This section is from the book "A Treatise On Architecture And Building Construction Vol2: Masonry. Carpentry. Joinery", by The Colliery Engineer Co. Also available from Amazon: A Treatise On Architecture And Building Construction.
182. An architect should, if possible, examine the brick to be used in a building before they are laid in the wall, and they should meet the following requirements:
1. They should be sound, free from cracks or flaws, and from stones and lumps of any kind, especially pieces of lime.
2. The bricks must be uniform in size, with sharp angles and edges, and the surfaces true and square to each other; this insures neat work.
3. Good building brick should be quite hard and well burned. A simple, and generally satisfactory test for common brick is to strike two of them together, or to strike one with the edge of a mason's trowel; if the brick gives a ringing sound it is generally sufficiently strong for any ordinary work. A dull sound shows the brick is soft or shaky.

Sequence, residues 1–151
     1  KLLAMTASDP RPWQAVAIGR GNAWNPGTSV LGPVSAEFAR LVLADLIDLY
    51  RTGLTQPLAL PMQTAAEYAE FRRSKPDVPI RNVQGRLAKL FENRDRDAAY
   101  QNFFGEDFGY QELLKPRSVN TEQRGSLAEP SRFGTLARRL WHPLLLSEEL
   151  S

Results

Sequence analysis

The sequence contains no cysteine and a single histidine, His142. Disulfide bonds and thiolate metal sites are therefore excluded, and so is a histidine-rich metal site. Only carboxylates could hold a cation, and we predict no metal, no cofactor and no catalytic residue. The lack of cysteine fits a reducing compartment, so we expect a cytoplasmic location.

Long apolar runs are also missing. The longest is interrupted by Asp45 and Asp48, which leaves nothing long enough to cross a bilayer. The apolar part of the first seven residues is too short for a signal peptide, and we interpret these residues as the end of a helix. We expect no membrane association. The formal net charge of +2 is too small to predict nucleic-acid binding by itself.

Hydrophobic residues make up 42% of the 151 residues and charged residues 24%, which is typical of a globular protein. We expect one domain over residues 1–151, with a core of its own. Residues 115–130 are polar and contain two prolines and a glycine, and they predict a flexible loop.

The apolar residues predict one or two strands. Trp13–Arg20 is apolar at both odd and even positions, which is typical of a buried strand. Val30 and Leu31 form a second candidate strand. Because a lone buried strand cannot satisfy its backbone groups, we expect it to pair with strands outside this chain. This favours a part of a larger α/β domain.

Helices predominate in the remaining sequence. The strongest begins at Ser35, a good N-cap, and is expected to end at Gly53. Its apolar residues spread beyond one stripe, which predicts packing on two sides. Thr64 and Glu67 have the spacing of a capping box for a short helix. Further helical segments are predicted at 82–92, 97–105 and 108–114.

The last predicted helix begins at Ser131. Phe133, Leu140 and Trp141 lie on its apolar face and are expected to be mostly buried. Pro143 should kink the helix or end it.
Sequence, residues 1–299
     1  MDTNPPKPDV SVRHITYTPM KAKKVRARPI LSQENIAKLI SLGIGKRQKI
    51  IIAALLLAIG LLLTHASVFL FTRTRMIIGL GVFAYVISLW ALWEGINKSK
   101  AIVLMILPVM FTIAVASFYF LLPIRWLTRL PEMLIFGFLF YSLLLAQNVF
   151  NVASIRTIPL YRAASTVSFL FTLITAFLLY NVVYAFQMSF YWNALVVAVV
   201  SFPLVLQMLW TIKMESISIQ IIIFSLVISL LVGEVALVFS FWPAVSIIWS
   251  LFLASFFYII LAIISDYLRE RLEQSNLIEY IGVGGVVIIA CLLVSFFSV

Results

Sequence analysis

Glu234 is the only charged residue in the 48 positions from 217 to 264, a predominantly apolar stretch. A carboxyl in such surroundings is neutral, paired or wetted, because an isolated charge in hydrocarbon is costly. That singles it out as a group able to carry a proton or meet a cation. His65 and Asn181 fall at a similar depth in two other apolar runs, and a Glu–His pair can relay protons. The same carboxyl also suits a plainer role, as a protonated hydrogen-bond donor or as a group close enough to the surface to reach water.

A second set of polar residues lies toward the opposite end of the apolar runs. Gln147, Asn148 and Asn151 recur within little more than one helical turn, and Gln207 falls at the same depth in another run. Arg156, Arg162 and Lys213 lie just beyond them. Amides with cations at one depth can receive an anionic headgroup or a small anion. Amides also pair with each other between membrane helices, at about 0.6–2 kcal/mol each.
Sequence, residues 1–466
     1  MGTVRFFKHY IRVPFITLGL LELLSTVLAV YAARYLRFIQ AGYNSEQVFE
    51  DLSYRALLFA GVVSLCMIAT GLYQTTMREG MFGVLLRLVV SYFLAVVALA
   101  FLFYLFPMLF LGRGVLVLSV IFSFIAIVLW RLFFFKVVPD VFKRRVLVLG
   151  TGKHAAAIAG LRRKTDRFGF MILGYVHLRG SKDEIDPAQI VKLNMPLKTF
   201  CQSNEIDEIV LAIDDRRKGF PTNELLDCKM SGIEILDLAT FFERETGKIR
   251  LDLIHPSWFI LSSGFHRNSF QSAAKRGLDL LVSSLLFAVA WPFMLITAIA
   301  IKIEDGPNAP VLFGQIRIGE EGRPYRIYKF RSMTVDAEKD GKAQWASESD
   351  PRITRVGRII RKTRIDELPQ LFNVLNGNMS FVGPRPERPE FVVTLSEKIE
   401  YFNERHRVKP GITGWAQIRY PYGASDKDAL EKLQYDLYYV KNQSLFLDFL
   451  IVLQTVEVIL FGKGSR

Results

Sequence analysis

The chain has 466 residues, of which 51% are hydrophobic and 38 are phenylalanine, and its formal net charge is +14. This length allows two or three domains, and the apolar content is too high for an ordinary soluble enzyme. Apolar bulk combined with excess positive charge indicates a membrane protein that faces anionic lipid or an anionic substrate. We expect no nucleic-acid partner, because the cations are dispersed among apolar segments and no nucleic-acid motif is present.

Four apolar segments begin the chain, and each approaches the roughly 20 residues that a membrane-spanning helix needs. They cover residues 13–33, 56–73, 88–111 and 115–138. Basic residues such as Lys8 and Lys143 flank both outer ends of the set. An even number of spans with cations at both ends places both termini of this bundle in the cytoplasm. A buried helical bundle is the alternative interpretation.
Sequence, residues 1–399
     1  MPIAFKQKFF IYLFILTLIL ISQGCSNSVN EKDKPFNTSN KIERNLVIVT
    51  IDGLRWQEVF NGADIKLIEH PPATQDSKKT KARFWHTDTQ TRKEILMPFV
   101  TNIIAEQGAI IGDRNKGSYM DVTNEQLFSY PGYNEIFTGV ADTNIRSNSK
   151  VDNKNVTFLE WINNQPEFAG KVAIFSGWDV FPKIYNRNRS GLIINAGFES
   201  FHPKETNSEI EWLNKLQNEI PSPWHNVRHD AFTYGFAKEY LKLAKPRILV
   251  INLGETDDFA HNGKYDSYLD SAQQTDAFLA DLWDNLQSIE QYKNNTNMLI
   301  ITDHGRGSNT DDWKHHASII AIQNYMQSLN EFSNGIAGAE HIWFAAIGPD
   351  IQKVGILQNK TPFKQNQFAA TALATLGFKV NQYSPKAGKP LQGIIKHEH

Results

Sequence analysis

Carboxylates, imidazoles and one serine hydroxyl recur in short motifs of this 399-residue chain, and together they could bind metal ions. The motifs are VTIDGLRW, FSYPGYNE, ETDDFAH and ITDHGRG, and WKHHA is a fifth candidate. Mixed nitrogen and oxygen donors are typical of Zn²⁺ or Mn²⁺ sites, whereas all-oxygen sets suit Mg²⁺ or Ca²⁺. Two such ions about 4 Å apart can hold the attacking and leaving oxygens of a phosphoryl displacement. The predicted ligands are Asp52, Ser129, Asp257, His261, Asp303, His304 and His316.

4. The quantity of water absorbed is also important. A good brick should not absorb more than one-tenth its weight in water. A good test is to weigh the brick first, then immerse it in water for twenty-four hours, and weigh it again. From the increase in weight the percentage of water it has absorbed may be found. Very soft underburned brick often absorb from 25 to 35 per cent. of water. Weak, light-red brick, often used in filling the interior of walls, will absorb about 20 to 25 per cent., while the very best brick may absorb not more than 5 per cent., and should, if possible, be used for outside walls and foundation walls and piers.
5. Brick that are suitable for piers and the foundations of heavy buildings should not break under a crushing load of less than 4,000 pounds per square inch.
6. The transverse strength of a brick is quite as important as the crushing strength. A good brick, 8 inches long, 4 inches wide, and 2 1/2 inches thick, should not break under a center load of less than 1,600 pounds, the brick lying flat, supported at each end only, and having a clear span of 6 inches, and a bearing at each end of 1 inch. A first-class brick will carry 2,250 pounds in the center and not break. Tests have been made with brick that carried 9,700 pounds before breaking.